2. A company is owned by a much larger company (Cannondale/Dorel) and the larger company decides that it is willing to offer an expenditure for a few years in order to support a team, which may boost sales, but the goal is really to find a backer willing to support a successful team (going back to the general commodity vertical). Trek really does not want to sponsor a team on the long run, but they can calculate an expenditure in the short (1 or 2 years) and hope that a backer... as happened with Radioshack or Nissan... would come around to help alleviate the costs. In the case of Specialized, they got together with Lululemon to basically save a significant powerhouse in women's cycling, which in a sense helped the women's side of the sport from going into the history books. Lululemon benefited by putting out their clothes a bit more and advertising in an increasing market of women's athletic wear, Specialized got to make other US brands look like pigs in the eyes of women coming into the sport - again an increasing number - by being the first brand name out there associated with a strong, successful, women's team riding some really well designed paint schemes with matching clothes.

But things have changed with the audience as well. In the past few decades (with increased ability to travel (better healthcare allowing this), internet access and other sorts of media) we are seeing less pensioners and home makers watching the sport, but instead a demographic that is largely full of participants, and mostly men in the 30+ age range. The income level has increased as well, 'cycling is the new golf' as a double meaning: not only is it the new past-time of older executive types, access to the sport is similar with golf. It is affordable to the upper-middle and upper-class of the world, not as accessible to others. Compare this to football, where any kid anywhere in the world can play the game without having to shell out a lot of money to participate and feel a connection to the game. If you don't feel a connection to the sport - as in it is something you could possibly do in some way even if it is not at that high level of ability - you are more likely to watch and follow the sport. Here are a few examples:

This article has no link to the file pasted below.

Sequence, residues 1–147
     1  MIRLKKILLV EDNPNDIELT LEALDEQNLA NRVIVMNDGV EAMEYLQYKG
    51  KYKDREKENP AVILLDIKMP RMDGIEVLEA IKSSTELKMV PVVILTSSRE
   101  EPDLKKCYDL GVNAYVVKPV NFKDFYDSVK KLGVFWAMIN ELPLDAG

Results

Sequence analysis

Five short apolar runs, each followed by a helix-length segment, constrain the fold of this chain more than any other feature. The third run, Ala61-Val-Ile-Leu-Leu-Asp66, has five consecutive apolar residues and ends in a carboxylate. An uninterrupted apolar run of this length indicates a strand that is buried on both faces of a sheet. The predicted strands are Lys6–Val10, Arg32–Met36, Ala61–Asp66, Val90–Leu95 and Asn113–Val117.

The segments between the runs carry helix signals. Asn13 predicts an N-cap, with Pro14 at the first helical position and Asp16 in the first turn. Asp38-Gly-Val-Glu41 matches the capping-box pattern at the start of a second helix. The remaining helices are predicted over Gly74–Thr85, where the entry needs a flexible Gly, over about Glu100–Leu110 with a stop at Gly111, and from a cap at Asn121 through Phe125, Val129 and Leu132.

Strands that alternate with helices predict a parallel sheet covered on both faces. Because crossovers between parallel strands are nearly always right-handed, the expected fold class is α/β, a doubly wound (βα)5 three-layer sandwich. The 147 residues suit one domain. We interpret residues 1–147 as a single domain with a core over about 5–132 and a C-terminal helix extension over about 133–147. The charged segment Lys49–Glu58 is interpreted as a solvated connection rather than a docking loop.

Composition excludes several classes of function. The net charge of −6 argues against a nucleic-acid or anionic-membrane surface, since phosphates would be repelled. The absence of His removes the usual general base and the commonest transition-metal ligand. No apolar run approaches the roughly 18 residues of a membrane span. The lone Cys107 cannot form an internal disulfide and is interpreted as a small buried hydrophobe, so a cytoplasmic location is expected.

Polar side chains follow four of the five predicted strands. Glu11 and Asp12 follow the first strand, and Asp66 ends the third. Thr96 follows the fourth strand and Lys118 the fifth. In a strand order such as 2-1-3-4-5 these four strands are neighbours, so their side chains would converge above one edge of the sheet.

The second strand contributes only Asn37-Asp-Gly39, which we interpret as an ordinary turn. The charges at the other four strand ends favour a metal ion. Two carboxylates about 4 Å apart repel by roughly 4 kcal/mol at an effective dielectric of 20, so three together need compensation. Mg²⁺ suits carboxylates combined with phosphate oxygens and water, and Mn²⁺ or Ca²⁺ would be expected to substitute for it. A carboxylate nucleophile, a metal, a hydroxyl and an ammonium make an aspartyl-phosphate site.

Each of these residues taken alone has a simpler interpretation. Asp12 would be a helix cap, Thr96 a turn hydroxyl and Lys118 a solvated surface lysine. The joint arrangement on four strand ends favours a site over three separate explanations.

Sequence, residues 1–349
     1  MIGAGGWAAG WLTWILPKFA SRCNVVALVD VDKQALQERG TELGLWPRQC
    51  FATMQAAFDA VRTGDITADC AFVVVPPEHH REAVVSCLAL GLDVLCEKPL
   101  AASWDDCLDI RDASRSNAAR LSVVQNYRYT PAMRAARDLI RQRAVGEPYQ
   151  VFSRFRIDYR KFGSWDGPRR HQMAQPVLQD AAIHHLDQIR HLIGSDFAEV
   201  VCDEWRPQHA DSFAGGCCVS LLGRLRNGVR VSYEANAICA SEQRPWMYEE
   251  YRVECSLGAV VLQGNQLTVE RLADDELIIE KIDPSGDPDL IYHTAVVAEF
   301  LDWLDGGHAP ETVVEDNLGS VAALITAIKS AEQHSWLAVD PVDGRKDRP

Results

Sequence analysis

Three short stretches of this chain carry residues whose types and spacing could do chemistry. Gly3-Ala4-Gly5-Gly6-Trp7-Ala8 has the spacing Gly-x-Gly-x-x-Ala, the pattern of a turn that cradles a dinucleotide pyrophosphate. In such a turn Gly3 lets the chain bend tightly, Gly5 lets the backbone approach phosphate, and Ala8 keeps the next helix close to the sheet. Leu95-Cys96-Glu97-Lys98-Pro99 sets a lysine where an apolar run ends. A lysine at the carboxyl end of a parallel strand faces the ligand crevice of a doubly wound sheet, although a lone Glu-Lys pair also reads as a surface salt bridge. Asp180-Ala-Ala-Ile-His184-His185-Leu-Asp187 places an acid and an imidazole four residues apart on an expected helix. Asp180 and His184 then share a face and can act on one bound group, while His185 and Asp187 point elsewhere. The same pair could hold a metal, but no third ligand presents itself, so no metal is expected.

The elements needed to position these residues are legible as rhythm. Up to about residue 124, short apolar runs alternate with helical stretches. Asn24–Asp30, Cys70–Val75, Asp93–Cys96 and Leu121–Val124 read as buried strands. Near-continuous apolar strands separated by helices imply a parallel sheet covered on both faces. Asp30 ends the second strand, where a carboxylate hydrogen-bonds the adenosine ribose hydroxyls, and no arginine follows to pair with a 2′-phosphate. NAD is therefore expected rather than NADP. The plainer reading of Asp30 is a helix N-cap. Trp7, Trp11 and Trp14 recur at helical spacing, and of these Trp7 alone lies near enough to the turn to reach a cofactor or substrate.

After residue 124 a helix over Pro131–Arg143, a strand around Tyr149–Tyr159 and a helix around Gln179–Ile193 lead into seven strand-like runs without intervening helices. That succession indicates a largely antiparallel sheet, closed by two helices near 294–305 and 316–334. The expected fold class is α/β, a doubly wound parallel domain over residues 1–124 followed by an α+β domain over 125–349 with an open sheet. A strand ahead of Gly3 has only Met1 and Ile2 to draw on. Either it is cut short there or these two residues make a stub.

F1? Nascar? I'm personally not a fan but it's easy to see why people feel a connection: I too can drive a car.
Football? I can play virtually anywhere, anytime, and there is a strong youth-development system in most countries.
Basketball? I can play.
Hockey? Interestingly this is a good comparison. The sport tends to be geography/location specific, appealing to places with colder weather patterns, and more significantly, it is a very expensive sport to participate in once you get proper equipment. Even the base-level equipment can be a heavy burden of cost. The NHL and KHL have been struggling to grow their audience with mixed success.

Going back to the 'cycling is the new golf' we also see an issue in growth. There is no truly recognizable development system or method, except for a few countries but certainly not globally, that encourages youth to ride. If the kids are not growing up doing this, they're less likely to take interest in it when they (1) grow older, (2) have income to spend and (3) have a better emotional or physical connection with other forms of entertainment (Professional Sport is entertainment).

The landscape change has not been sudden, it has been a slow evolution, but I believe we are seeing the effects more so now than ever before and unless there is a significant change in the structure and accessibility of the sport - not necessarily having it televised as the main priority - we will continue to see a loss of sponsorship on the general commodity level.